Grant Park is gearing up for Lollapalooza, the annual celebration of music featuring artists from across the globe. A few local acts will be taking the stage for the first time.
State Rep. La Shawn Ford, D-Chicago, says since profits from events go to the Chicago Park District’s general operations fund, the financial gains from Riot Fest don’t help his constituents directly. He has proposed a 2% community benefits tax.
The annual four-day music festival will take place in Grant Park Aug. 3-6.
On Wednesday, commissioners unanimously approved an amendment to the Park District’s code that gives members of the board the final say on permits for large-scale events held in the city's parks.
The new contract will be in place for 2023 and run through 2032, with the potential for a five-year extension.
Lollapalooza kicked off Thursday as hundreds of thousands of people are expected to descend upon Grant Park for the annual four-day music festival.
A spokesperson for Goldman Sachs confirmed that Solomon, who regularly DJs at clubs in Miami and New York under the alias “D-sol” will hit the stage at Lollapalooza, which hosted about 400,000 attendees in 2019.
As summer winds down, Illinois continues to see a spike in COVID-19 cases, with more than 3,100 new infections reported by state health officials Thursday. Dr. Susan Bleasdale of UI Health breaks down the latest data and recommendations.
Just over 200 people who attended the four-day music festival have tested positive during the 14 days since the event kicked off in Grant Park on July 29, said Dr. Allison Arwady, the commissioner of the city’s Department of Public Health.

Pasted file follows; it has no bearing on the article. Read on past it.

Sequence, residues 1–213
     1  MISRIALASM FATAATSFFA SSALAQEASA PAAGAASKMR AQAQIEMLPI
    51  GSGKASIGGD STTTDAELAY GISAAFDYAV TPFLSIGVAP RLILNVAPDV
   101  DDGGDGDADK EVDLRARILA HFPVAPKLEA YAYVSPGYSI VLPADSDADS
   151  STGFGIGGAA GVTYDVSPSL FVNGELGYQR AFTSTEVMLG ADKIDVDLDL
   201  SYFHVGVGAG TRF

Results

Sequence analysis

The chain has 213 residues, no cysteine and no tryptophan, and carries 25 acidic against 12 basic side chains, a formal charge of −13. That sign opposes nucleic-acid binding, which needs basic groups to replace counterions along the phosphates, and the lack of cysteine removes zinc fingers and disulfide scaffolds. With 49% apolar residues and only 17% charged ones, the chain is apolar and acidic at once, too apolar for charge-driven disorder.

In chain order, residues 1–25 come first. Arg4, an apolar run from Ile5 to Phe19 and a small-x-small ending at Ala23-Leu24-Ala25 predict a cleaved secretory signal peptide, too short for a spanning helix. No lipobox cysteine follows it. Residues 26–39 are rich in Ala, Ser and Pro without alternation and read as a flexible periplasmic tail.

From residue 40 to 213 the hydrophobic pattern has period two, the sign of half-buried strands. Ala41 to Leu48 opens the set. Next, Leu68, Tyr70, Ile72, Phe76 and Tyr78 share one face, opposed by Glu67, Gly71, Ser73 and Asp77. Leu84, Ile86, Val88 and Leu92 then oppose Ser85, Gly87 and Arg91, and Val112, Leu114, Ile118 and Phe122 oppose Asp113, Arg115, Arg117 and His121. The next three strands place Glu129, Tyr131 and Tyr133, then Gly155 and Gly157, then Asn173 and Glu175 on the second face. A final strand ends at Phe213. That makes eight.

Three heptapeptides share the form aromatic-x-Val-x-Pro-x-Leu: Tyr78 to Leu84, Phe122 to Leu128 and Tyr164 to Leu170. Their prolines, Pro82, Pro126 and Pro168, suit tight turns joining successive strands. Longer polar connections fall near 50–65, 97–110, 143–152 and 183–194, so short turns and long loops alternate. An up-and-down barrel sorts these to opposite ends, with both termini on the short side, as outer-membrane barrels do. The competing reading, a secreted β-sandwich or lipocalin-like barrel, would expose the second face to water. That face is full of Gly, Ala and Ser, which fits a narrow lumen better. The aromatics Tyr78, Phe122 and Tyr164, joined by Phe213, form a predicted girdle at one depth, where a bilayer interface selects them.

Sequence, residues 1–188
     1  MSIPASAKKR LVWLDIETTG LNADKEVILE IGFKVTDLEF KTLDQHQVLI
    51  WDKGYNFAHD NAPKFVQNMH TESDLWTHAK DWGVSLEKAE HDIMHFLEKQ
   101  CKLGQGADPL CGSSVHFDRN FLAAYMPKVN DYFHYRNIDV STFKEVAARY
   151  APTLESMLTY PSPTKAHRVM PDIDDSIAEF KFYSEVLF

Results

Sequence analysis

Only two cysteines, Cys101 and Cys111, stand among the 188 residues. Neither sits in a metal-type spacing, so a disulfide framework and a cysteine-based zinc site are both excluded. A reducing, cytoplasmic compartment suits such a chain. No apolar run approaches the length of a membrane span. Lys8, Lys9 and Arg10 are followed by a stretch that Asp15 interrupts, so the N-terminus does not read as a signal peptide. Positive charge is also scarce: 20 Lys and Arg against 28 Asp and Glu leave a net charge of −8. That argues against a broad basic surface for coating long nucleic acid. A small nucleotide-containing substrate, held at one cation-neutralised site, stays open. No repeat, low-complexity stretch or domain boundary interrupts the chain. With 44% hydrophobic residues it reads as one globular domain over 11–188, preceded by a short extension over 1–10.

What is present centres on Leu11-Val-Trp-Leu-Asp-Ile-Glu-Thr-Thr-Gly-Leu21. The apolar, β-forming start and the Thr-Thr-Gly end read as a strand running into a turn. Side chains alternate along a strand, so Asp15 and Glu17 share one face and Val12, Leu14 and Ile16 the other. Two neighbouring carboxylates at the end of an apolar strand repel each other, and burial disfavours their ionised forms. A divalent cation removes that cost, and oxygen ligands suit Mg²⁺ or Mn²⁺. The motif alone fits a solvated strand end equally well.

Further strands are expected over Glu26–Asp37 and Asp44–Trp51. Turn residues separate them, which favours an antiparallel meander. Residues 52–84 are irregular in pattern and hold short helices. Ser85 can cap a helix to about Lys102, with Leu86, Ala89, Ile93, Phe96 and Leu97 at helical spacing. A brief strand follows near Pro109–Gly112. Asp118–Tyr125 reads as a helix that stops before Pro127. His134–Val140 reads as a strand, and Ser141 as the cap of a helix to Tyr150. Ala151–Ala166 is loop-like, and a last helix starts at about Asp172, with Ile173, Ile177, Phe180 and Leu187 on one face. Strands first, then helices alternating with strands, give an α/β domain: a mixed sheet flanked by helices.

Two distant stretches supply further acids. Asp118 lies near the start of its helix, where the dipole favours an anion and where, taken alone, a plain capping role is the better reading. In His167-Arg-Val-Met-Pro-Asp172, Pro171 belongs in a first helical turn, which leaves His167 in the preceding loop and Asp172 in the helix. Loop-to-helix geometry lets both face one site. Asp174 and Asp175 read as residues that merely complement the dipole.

Illinois dispensaries sold a record $127.8 million in recreational marijuana in July, with a big boost coming from out-of-state fans who converged on Chicago for the Lollapalooza music festival.
COVID-19 infections are again rising in Chicago following Lollapalooza, which drew hundreds of thousands of people to Grant Park last weekend. But the city’s top doctor says the four-day event is not to blame.
Members of East Garfield Park’s Hope Junior Drumline and WestDance Team have been practicing three hours a day, five days a week since late June to prepare for their 10-minute performance at Lollapalooza on Sunday.
In a sea of familiar artists — from Megan Thee Stallion to Miley Cyrus — a few local faces are hoping to make a bigger name for themselves at this year’s Lollapalooza. Among them is Chicago-based songwriter and producer Nez.
Rapper DaBaby was cut Sunday from Lollapalooza’s closing lineup following crude and homophobic remarks he made last week at a Miami-area music festival.
As thousands of music lovers flocked to Grant Park for the first day of Lollapalooza, a surge of confirmed cases of COVID-19 in Chicago and the suburbs prompted Gov. J.B. Pritzker to reimpose a mask mandate in state facilities for everyone, regardless of their vaccination status.
As the massive four-day music festival gets underway in Grant Park, event organizers announced the launch of a fund that will support arts education over the next five years for more than 100,000 students within Chicago Public Schools.